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First they came for the lolis

The whole principle is wrong; it’s like demanding that grown men live on skim milk because the baby can’t eat steak.

– Robert Heinlein (commonly attributed to Mark Twain)

Fans raged on twitter and IRC channels today as FUNimation announced that Dance in the Vampire Bund DVDs would be released censored. Ordinarily, broadcast versions of risque anime are censored, and DVD versions contain the full content as an extra enticement for fans to purchase the DVDs. In an age of increasing backlash against the sexualization of minors, however, FUNimation may be feeling the pressure to conform to Western social norms.

The announcement was made at the official FUNimation blog:

After viewing the unedited as well as the Japanese broadcast edit of the series Dance in the Vampire Bund, we have determined the series contains controversial elements which, when taken out of context, could be objectionable to some audiences.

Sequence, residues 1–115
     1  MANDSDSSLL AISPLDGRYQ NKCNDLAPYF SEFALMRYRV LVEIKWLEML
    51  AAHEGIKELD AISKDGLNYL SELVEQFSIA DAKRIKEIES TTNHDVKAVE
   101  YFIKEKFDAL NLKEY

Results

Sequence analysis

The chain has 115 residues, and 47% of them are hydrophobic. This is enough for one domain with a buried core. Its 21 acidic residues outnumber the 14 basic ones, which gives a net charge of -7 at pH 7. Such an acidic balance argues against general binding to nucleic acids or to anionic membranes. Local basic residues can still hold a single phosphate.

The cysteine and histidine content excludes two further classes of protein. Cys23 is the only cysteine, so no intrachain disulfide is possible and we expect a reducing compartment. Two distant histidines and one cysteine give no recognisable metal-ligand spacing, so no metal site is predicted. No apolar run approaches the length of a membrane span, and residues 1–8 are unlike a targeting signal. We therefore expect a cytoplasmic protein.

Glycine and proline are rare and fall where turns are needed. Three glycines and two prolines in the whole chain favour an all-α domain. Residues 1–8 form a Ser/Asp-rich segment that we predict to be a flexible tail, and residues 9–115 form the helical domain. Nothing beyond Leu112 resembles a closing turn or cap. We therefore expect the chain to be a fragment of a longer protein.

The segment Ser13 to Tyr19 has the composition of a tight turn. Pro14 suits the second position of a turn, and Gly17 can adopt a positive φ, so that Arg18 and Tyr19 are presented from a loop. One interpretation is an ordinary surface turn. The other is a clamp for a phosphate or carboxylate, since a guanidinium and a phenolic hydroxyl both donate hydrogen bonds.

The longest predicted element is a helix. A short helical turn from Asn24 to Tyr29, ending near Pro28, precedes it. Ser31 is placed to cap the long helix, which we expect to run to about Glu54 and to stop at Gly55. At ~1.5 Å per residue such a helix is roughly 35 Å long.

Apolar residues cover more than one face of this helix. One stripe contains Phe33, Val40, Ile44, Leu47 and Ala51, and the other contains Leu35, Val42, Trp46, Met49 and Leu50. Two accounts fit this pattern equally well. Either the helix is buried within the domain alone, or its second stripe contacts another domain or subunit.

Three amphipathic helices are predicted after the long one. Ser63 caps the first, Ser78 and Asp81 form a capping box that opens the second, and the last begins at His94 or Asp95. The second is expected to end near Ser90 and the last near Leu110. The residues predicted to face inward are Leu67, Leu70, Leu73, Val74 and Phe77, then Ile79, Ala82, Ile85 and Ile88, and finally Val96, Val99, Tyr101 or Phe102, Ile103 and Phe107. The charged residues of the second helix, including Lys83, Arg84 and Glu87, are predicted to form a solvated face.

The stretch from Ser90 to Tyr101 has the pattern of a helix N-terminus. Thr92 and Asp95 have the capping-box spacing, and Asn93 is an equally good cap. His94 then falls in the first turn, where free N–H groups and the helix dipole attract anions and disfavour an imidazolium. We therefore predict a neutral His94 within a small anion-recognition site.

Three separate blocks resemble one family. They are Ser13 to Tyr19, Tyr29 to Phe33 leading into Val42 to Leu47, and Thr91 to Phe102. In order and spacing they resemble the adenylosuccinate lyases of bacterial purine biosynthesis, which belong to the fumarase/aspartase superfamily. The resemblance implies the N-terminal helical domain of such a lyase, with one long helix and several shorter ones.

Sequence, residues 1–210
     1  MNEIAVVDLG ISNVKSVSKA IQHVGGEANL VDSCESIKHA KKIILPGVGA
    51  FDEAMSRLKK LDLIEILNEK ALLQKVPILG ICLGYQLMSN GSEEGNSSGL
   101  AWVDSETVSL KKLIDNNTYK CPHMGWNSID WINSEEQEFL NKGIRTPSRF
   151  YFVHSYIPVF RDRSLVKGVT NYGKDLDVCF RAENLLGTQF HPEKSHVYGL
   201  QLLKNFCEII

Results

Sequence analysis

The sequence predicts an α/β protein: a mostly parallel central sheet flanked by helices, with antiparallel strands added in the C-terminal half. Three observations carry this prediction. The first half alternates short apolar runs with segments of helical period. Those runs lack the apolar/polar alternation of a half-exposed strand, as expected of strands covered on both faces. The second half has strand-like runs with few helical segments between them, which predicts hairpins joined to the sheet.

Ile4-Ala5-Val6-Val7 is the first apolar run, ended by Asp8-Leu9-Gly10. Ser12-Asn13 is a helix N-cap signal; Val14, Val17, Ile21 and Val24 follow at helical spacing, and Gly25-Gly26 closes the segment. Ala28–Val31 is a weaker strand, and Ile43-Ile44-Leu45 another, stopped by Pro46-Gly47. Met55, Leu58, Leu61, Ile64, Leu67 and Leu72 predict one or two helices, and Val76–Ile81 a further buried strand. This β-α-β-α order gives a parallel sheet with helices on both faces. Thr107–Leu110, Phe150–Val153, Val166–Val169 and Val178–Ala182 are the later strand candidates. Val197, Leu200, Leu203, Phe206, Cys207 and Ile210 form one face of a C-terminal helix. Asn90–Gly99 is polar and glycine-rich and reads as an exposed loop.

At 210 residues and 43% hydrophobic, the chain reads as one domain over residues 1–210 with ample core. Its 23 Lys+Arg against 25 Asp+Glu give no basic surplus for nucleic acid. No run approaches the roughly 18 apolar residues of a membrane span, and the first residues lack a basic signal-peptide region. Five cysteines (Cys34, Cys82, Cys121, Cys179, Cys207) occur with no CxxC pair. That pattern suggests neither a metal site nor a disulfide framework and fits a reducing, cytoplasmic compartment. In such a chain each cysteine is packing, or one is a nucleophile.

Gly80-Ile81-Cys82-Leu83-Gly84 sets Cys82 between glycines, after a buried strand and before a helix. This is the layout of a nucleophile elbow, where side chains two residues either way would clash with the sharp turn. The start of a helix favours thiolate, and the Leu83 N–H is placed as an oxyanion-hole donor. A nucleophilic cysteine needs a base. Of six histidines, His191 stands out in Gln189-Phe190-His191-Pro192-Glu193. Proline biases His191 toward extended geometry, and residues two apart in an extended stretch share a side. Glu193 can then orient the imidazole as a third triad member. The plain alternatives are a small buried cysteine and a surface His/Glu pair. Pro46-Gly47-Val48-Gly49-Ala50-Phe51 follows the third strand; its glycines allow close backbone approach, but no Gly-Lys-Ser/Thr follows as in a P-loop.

With this in mind and with approval of the licensor, we will edit select scenes from the series in streaming and home entertainment release. These are scenes which are inappropriate for U.S. viewing and are not essential to the storyline.

Criticism there was no less heated, and a majority of comments expressed disapproval:

Dear Funimation,

If you cannot release a show without hacking it up you should just stay the hell away from it and save yourselves the licensing fees. I refuse to buy censored anime, and I know many other will feel the same way.

I wholeheartedly hope that your release of Dance in the Vampire Bund is an abysmal failure so that you’ll learn your lesson.

Censorship is and always has been an egregious offense to free speech and creativity.

Another fan wrote of the PR aspects:

FUNimation, is this really alright? Is it worth it to you?

This backlash from fans is just terrible PR for you . . . All I can do is hope you reverse the decision, and that fans can forgive you. I don’t want your reputation to crumble because of something like this.

Perhaps if Martin Niemöller were an anime otaku, he might write thus:

First they came for the lolis, and I said nothing, because I was not a lolicon;
Then they came for the panty shots, and I did not speak out—I was not a pantsu fetishist;
Then they came for the political references, and I did not speak out—their politics did not interest me anyhow;
Then they came for originality—and there was no reason left to watch.

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